How does that Diane Warren song go? It’s been a long road…getting from there to here…
The journey of making PuppetVision: The Movie has been long indeed. It began almost three years ago and I can honestly say that it’s been the best, but also the hardest thing I’ve ever had to do professionally.
Like any project, there have been lots of highs and lows, and the last year in particular has been filled with lots of challenges. Although at times it’s felt like all we’ve been doing for the past year is working on funding applications, there has also been a lot of actual work going on…and I do mean a lot. A lot of research, a lot of interviews, a few research trips and an incredible amount of puppet, prop and set building.
Here’s a quick look at some of what’s been happening…
After a flurry of filming in Canada and Europe in late 2013, the first half of 2014 was spent hunkered down in the studio, designing and building puppets, props and sets for the film.
In addition to interviews, archival footage and clips of live performances, there are several original puppetry sequences that will appear throughout the film, each of them created using an entirely different style of puppetry. It’s been a massive, years-long process to design, build and execute all of these sequences. Right now there are close to two dozen puppets lying around the workshop in various stages of construction with another 30-40 yet to be built.
Despite the size of the workload, I’ve really been enjoying the build for this film. On most of the projects I’ve been involved with in recent years I’ve served as a director, producer or Special FX Supervisor, which hasn’t allowed me to do much hands-on work. However, the limited budget on this film means I have to roll-up my sleeves and make a lot of things myself, which has been a real joy.
We’re working in such a diverse range of puppetry styles – everything from finger puppets, to glove puppets, marionettes and animatronics – that nearly every day is a totally new learning experience. It’s been a bit like getting a complete re-education in puppetry and I’ve been loving (almost) every moment of it.
One of the major sequences of the film that we’ve been busily designing and building characters for is devoted to Punch and Judy and their progenitor, Pulchinella. Part of this work involves building a full-scale Punch and Judy booth (puppet stage) and a much smaller “puppet scale” theatre for Pulchinella, which you can see in the process of being distressed and painted above.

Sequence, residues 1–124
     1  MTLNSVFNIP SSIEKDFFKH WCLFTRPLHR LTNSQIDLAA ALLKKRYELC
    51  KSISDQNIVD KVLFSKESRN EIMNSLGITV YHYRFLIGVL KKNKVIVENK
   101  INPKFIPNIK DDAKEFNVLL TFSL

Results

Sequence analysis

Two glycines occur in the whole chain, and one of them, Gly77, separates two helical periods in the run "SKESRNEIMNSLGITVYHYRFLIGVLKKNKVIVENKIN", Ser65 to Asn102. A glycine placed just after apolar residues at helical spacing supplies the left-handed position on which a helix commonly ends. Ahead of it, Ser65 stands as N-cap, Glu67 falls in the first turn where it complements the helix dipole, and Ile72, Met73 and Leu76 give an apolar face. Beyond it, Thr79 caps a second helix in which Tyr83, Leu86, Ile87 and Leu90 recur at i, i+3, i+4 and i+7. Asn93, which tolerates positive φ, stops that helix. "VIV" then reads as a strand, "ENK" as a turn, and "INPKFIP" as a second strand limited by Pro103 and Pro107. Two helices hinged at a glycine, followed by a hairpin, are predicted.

Morgan Bargent, who is writing and producing the film with me, also happens to be a extremely talented painter. She’s been doing much of the faux finishing and distressing that’s needed on various props and sets that are being built. In the spring she also took up the task of producing some lovely hand painted backdrops for the film that are loosely based on actual theatrical backdrops from the late 19th century, including the one seen above.
Stomping our way to Chicago
After months and months of working in the film’s cozy little studio designing, sculpting, painting and writing seemingly endless funding proposals, Morgan and I were thrilled to hit the road in July to visit G-Fest, the world’s only Godzilla festival. We were there to learn more about Tokusatsu, a Japanese term meaning “special filming” that is used to describe films and TV shows like Godzilla, Ultraman and Super Sentai (better known in North America as “Power Rangers”) that are created using miniatures, puppets and other practical effects techniques.
A huge thank you goes out to J.D. Lees and the rest of G-Fest organizers who were so welcoming and helpful as well as the entire crew from Dojo Studios, who graciously let us hang out on set while they filmed their latest Tokusatsu video using some incredibly impressive creature suits made by Jacob Baker.
The joy of acceptance and the agony of rejection
Since the inception of this project, I’d always hoped to bring it to the National Festival of the Puppeteers of America, which next year will be held at the University of Connecticut. This is not only because it’s really an ideal audience for the film, but also because it was very much inspired in part by my experiences attending PofA Festivals in the past. Portions of the documentary were also filmed at the 2013 PofA Festival, so in many ways, showing it there would have brought the journey of making it full circle.
Unfortunately, last week we were rejected by the festival’s Artistic Committee.
It’s hard not to be a little bit heartbroken by the decision, but there were over 100 other applications, so I’m sure many deserving projects won’t be included. I also strongly suspect that our chances may have been hurt because I wasn’t able to submit a complete cut of the film for consideration due to the timing of the application deadlines.
Despite the disappointment of not being able to share the film with all of our PofA friends next summer, I’m thrilled to announce that we have been accepted in Europe!
I won’t be able to provide more details until the organizers make official announcements some time in the coming months, but we will be bringing the film to several festivals and events in the U.K. and Europe next year. In fact, we’re in the early stages of planning a tour of sorts, so if you do live somewhere in Europe (or anywhere else really) and are interested in having a screening near you, please get in touch.
One more thing…
I have to once again say a huge thank you everyone – friends, PuppetVision fans, our wonderful crowdfunding supporters and especially all of the incredibly talented artists who have participated in this project so far – for all your love, support and patience.
Making this film has been a bit of a long and at times very difficult haul, but I’m thrilled to be picking up momentum as the race towards the finish line begins!